That being said, some bikes were and still are better than others. For higher cost a builder could use better frame materials and spend more time on the fabrication and paint. Since it makes little sense to put expensive components on a cheap frame or cheap parts on an expensive frame, the expensive bike was usually better in all areas. If you start with a low budget you'll get a low budget bike regardless of its age, and though you can upgrade parts for performance the frame's weight and ride characteristics won't change. This is simply to say that just because a bike is old doesn't make it necessarily better, since there were better and worse bikes back when they were new. Even so, a good old bike is a joy to ride and keep.
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Old 04-28-14, 01:28 PM
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Originally Posted by JohnDThompson View Post
All my tools fit.
And...my personal Box Of Crap is usable.
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Old 04-28-14, 01:35 PM
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1. I am a gearhead. I like to tinker. I can do everything from machine tool work, welding, rebuild engines from flathead Ford to 32V Cadillac Northstar V8, rebarrel a target rifle (and use it too), and so on. When I rediscovered cycling I had to pick up some cycling specific tools but I already had tools, a big garage, parts washer, air compressor and so on. Older bikes just fit my love of working with my hands.

2. Economics. I'd be poor if I did the same thing with new bikes.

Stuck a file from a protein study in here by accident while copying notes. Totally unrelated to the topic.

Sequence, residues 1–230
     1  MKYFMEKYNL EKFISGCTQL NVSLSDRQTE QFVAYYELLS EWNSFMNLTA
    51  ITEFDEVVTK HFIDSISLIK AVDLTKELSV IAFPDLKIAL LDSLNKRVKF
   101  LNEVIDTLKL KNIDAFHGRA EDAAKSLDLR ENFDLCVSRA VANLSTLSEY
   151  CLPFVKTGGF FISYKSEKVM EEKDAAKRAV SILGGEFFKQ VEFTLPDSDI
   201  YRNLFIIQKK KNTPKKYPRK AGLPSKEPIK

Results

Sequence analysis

3. Function and use. My lugged steel bikes perform as well as my newer aluminum frame/carbon fiber fork bike, and I ride them hard for exercise.

4. Aesthetics. Newer cranksets, threadless stems, STIs, huge graphics. I personally do not find these things appealing.
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Old 04-28-14, 01:35 PM
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Other [carbon] riders think I'd be faster if I rode a modern bike.

I know I'm going to be slow no matter what.
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Old 04-28-14, 01:40 PM
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Many top of the line C&V bikes are still a bargain to buy compared to top of the line modern bikes that will require me to sell a kidney just to afford one..... and maybe that's not even enough!!
Anyway, I find most modern bikes quite fugly too, while there sure is a lot of beautiful C&V bikes still out there for us to build, collect and ride!
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Old 04-28-14, 01:42 PM